Here’s a jumping spider thinking she has everything under control:
Photographed and written about by Mark Sturtevant on Matt Young’s Panda’s Thumb blog.
My garden is a wonderful tangle of KwaZulu indigenous growth gone wild. Interfered with only by my best man Tobias Gumede’s earnestly-felt desire to do something. Recently he trimmed the undergrowth near the birdbath and the spot where beautiful turquoise Araneus apricus spins her web each night and takes it down every morning.
I had to sit him down and remind him: Tobias, remember when we listened to the yellow-bellied greenbul’s complaints and you told me how it was saying “Don’t shoot the birds, it’s Spring and they’re nesting”, and how you would teach the kids in Jozini not to shoot birds in that season – and how they did anyway!?
Well, its Summer, and remember: We don’t trim or cut anything till the season fades and we’re sure no birds or other creatures are nesting. And even then we do it with great circumspection? Oh Yes, He Does Remember and Sorry, He Forgot.
But he forgot again and as I was leaving he asked Can You Buy Me A Rake? Um, what for, Tobias? Oh, Yes, He Forgot, We Don’t Rake. Right.
Well, I mention this because I have recently found out that unbeknown to me, I garden according to the ancient principle of wu wei. I mean, I always suspected my method was brilliant, but wu wei! That is brill. Its the Zen (or Tao? – or something . . ) art of “masterful inactivity”.
I love it: “The Art Of Masterful Inactivity”! Wu wei! I can do this!
I’m reading a book by Esther Woolfson who lives in Aberdeen in Scotland called Field Notes from a Hidden City. The review of her book made me want to write about all the wonderful hidden creatures in my garden and generally in Westville, so I bought it with the express intention of plagiarising it. I’ve got to the part where she writes about wu wei and I’m right behind her.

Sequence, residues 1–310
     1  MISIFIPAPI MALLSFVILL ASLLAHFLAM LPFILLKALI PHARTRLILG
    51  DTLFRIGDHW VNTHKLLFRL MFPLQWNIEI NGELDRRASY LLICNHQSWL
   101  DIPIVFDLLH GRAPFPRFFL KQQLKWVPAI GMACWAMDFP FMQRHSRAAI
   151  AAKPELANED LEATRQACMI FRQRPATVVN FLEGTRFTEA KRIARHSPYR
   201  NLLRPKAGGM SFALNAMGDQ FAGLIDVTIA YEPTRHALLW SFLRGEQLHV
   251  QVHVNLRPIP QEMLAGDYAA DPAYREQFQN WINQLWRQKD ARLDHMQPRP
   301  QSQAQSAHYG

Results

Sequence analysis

I read a lot about books and then occasionally I buy one and actually read the whole thing. Often the book review is better than the book. I bought Everyone Loves a Good Train Wreck by Eric G Wilson. Well, it was a very good review.
Back to plagiarism: I will write to Esther and tell her what I’m doing if I get the book done. My wu wei credentials are not confined to gardening, however, so she may be safe.
Here’s the manicured bit for soccer, rugby and biking, with refuges for creatures in front and behind. When the kids stop swimming the pool will be made more frog-friendly. Made? Well, Allowed To Go frog-friendly . . . .
So how did I know the beautiful little turquoise orb spider I found in my garden was Araneus apricus? I went to my saucers. This one is seldom in her cups: My favourite entomologist Tanza said:
Hi Pete – I think she is Araneus apricus, a little orb spider. Most are nocturnal, spinning their webs in the early evening and then removing them in the morning. Maybe she got out of bed late . . . ; It is probably a “she” as the males are often (but not always) smaller.- Tanz
I first met Tanza when she was working with social spiders on the Hella Hella bridge over the Umkomaas river. Hundreds of them obligingly spun webs between the aluminium railings, allowing Tanza to mark and measure at leisure. Usually they’d be in tangled bushes!